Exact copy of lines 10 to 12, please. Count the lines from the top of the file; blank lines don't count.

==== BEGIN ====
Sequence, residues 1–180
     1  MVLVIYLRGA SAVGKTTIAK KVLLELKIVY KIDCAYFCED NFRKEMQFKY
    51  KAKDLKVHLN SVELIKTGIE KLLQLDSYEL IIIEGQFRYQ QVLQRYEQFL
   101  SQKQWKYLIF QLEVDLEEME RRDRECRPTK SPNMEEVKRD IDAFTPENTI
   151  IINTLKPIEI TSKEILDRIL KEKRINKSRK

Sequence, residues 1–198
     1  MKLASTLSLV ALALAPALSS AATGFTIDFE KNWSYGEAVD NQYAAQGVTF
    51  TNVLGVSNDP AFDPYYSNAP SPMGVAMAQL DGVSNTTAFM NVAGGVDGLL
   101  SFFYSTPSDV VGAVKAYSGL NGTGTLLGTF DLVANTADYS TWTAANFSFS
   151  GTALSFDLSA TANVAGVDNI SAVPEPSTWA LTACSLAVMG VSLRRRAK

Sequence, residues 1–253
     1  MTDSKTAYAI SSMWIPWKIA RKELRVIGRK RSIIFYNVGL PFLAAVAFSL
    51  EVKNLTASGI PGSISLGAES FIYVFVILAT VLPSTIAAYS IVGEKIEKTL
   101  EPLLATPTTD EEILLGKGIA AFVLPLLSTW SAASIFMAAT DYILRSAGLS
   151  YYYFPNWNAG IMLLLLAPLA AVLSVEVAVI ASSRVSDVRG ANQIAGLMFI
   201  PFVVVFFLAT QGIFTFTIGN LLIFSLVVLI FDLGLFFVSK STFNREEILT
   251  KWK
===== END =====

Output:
   151  GTALSFDLSA TANVAGVDNI SAVPEPSTWA LTACSLAVMG VSLRRRAK

Sequence, residues 1–253
     1  MTDSKTAYAI SSMWIPWKIA RKELRVIGRK RSIIFYNVGL PFLAAVAFSL